HONOLULU — As a pastel sunset spread across the Pacific and mourners wailed in the background, Imelda Marcos stepped away from the casket of her husband, former Philippine President Ferdinand E. Marcos, and reminisced Thursday night about the fairy-tale life he gave her.
"He was a beautiful man and he has enriched the future. The fairy tale will always be there," she said.
All through the day and night, Imelda Marcos stood by the flag-draped coffin greeting throngs of well-wishers. She was dressed entirely in black, including a strand of black pearls and black pearl pin, ring and earrings.
A Philippine flag draped the foot of the coffin, and the presidential seal was mounted on the wall behind it. Viewers strolled by the black casket on a red carpet.
When she finally stepped outside to the lawn overlooking Diamond Head and the city of Honolulu, Mrs. Marcos said she was depressed not only by her husband's death but by the Philippine government's refusal to permit his burial in his homeland.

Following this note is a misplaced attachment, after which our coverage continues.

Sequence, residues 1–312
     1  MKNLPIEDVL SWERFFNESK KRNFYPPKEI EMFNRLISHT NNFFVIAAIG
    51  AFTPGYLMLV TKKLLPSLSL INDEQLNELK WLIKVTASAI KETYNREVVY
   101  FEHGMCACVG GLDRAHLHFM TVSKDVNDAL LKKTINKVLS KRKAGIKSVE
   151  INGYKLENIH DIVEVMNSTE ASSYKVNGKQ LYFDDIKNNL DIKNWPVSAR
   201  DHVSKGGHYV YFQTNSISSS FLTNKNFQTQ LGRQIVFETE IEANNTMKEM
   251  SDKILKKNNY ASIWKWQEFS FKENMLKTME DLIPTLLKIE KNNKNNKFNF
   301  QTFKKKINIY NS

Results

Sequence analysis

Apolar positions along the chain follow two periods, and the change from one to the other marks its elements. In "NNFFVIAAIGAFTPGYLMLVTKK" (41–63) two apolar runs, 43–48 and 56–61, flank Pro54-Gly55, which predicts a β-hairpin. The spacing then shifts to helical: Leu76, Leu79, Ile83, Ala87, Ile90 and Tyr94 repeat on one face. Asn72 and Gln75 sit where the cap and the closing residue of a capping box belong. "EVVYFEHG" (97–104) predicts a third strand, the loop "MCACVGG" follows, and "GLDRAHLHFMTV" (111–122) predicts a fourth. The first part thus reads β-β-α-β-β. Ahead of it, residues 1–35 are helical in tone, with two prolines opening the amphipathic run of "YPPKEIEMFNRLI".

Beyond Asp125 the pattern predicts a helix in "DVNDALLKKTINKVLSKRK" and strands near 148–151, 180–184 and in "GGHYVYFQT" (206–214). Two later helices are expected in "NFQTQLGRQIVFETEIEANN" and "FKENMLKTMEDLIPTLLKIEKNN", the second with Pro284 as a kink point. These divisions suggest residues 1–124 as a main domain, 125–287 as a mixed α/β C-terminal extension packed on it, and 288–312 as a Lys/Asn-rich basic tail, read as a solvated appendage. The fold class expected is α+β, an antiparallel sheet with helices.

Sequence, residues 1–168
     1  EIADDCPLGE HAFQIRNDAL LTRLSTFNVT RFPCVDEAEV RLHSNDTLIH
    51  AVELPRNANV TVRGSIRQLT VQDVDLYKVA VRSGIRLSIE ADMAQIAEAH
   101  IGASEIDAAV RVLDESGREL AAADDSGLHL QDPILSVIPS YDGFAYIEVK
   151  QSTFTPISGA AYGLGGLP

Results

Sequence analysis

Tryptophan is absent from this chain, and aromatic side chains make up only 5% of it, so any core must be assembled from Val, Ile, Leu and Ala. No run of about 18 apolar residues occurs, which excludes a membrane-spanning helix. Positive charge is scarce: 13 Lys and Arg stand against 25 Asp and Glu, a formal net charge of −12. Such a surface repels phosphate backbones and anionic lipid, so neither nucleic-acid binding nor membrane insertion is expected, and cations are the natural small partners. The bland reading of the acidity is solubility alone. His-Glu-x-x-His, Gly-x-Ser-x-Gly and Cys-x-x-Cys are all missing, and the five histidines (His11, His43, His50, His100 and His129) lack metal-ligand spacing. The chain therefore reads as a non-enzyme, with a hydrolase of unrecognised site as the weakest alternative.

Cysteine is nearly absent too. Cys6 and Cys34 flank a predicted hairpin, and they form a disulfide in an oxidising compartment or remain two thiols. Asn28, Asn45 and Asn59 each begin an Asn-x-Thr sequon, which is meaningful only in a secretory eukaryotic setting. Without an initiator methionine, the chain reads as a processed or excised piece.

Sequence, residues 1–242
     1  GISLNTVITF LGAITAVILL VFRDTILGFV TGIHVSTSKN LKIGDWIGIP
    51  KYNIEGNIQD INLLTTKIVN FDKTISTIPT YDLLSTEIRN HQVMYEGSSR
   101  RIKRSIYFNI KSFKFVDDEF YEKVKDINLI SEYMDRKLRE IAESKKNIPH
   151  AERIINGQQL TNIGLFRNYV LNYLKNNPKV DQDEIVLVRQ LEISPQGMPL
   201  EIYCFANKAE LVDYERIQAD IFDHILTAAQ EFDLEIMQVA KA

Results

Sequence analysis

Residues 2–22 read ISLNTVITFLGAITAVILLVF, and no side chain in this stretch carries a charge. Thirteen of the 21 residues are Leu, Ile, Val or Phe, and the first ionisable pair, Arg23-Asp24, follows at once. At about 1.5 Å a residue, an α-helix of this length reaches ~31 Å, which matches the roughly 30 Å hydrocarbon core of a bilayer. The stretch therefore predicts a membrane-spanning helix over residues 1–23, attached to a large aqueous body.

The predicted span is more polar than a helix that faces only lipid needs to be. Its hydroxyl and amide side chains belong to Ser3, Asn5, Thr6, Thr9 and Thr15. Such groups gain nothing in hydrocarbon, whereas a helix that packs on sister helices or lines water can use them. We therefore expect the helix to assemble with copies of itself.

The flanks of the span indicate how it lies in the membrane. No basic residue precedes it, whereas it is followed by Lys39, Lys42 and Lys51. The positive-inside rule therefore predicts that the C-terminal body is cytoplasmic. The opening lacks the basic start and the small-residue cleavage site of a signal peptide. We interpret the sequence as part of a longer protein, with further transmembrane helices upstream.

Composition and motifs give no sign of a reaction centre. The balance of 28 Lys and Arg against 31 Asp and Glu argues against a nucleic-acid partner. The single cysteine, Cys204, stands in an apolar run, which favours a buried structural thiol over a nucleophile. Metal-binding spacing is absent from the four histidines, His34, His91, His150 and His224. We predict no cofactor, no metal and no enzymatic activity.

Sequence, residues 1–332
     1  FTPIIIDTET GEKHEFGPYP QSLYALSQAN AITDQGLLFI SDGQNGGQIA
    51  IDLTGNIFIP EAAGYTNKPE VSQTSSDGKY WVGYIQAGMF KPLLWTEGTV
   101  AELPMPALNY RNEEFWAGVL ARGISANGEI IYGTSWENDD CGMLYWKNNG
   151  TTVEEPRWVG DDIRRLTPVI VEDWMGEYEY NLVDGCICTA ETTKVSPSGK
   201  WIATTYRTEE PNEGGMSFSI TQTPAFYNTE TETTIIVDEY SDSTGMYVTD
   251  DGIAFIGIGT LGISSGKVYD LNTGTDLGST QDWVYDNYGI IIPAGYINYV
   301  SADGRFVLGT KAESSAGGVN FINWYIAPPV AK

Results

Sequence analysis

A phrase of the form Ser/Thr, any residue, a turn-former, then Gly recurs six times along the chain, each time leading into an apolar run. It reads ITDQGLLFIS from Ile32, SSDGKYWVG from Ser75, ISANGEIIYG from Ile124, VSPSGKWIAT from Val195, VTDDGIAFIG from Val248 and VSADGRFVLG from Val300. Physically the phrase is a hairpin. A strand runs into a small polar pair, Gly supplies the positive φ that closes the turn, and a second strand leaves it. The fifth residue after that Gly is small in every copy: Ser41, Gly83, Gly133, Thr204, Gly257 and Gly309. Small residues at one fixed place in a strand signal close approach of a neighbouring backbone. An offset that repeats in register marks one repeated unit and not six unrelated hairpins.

"How can you find this man a threat to the national security when he is lying in peace?" she said.
She said that in death, her husband is being denied his homeland, and she called this "cruel, inhuman and wrong."
"If a president of more than 20 years is being denied his country it can happen to any Filipino," she asserted.
A tent and picnic tables were set up in the Marcos family compound, and visitors streamed through the compound's large green gates all day and into the night Thursday, offering condolences and bearing food and other gifts, while the Marcos family mourned his death.
Family members had maintained a bedside vigil that ended with Marcos' death at 3:40 a.m. PDT Thursday at St. Francis Medical Center.
After the death was announced, women from Honolulu's Filipino community took cakes and other gifts to the family, while delivery trucks dropped off bouquets of flowers.
No estimate was available on the number of visitors. But the line of cars to the compound choked the narrow, winding street on a hill in the exclusive neighborhood of Makiki Heights.
While Marcos lived, many powerful Philippine figures came to visit, although the former president was confined to the medical center for the last nine months. Philippine Vice President Salvador Laurel came last February on what he termed a "humanitarian mission."
On Thursday, family spokesman Leonie Tan said Marcos' body will stay at the residence for three days. The family tentatively plans a funeral Mass on Sunday, he said, adding, "After that, we do not know."